SEATTLE — From good to great and bad to worse – that's how relationship experts are describing relationships coming out of the last year.
Strong relationships got stronger, but for couples who already had some distress in their partnerships, they really suffered through the pandemic.
For Drs. John and Julie Gottman, renowned psychologists and founders of The Gottman Institute in Seattle, the number of couples seeking help has only grown.
"It was as if they were in a pressure cooker with no release valve," said Dr. Julie Gottman.
Many are in search of tools they felt they were missing while stuck at home during the pandemic. The Gottmans hope it's a trend that will last.
"I'm hoping that people are going to be seeking help more from anybody and everybody out there because they deserve the support. They need the support," Dr. Julie Gottman said.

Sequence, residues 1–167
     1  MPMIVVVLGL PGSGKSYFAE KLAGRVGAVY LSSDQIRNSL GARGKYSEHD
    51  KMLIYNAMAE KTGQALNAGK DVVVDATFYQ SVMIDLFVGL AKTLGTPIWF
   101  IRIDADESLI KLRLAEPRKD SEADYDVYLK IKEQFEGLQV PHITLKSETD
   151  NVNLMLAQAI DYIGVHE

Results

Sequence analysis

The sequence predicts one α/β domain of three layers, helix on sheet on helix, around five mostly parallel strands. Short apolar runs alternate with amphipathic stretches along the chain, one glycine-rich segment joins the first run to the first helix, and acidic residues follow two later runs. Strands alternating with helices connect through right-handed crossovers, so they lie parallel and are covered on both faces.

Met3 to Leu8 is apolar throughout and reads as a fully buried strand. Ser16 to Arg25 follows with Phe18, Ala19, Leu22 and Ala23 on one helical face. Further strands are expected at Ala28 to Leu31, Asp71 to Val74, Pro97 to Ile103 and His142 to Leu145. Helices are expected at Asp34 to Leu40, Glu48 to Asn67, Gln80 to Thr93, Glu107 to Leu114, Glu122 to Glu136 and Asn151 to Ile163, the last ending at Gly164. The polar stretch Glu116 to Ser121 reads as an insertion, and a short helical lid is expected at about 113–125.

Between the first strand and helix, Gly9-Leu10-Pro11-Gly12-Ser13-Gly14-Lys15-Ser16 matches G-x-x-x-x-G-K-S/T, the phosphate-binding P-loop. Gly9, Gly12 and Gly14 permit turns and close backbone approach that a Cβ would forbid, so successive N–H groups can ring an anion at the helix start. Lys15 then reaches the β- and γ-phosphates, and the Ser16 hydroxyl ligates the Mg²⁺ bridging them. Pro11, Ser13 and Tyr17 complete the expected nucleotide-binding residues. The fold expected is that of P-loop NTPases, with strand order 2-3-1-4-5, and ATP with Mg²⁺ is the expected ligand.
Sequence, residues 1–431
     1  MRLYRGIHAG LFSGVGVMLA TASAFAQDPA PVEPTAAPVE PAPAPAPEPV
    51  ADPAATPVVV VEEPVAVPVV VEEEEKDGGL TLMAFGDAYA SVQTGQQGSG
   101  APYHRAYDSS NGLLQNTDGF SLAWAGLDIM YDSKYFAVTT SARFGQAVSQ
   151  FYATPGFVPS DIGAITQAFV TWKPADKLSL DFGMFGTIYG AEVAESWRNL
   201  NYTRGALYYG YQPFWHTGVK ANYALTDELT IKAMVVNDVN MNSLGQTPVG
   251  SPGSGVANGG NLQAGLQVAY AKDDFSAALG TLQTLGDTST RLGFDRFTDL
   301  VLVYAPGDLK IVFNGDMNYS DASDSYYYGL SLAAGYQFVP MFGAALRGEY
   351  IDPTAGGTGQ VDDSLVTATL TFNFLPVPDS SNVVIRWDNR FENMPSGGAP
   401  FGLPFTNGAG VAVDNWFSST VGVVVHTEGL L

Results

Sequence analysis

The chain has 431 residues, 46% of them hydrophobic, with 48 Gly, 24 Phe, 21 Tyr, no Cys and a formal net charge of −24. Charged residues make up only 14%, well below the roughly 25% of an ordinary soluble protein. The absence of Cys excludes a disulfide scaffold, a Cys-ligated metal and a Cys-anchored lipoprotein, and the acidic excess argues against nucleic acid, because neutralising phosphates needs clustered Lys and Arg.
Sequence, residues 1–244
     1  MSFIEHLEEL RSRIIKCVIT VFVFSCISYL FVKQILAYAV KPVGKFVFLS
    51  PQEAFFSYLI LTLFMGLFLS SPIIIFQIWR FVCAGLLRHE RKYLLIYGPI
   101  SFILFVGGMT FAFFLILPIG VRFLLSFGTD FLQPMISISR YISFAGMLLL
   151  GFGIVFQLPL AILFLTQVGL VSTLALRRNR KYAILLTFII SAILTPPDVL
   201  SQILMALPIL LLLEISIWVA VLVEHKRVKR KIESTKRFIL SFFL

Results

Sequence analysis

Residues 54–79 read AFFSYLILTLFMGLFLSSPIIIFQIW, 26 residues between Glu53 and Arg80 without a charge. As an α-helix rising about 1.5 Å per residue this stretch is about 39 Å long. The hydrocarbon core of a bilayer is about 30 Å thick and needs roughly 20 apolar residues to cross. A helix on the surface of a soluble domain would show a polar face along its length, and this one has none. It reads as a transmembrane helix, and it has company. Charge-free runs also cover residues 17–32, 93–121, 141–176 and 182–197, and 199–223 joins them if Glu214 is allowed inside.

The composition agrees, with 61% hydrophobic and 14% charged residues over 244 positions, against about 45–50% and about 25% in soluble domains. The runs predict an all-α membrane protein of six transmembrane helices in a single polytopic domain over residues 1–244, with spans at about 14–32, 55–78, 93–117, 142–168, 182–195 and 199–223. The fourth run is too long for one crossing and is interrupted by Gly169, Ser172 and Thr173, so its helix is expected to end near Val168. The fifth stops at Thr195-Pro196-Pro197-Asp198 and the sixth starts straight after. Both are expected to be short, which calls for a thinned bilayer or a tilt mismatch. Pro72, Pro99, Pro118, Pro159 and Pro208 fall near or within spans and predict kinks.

What do experts think will change in the post-pandemic world? The Gottmans say some people will feel less safe in relationships. You may find yourself or your partner struggle with wanting to be open or meeting new people.
But it's not all bad; it just means people are prioritizing how they spend their time and who they spend it with.
"[People are] really thinking about who they are nowadays, a lot more," Dr. John Gottman said. "And if they do that collectively, if they do that together, they can arrive at a new sense of meaning and purpose in their lives."
The Gottmans certainly hope these reflections won't mean people will rush to divorce lawyers now that the end of the pandemic is in sight.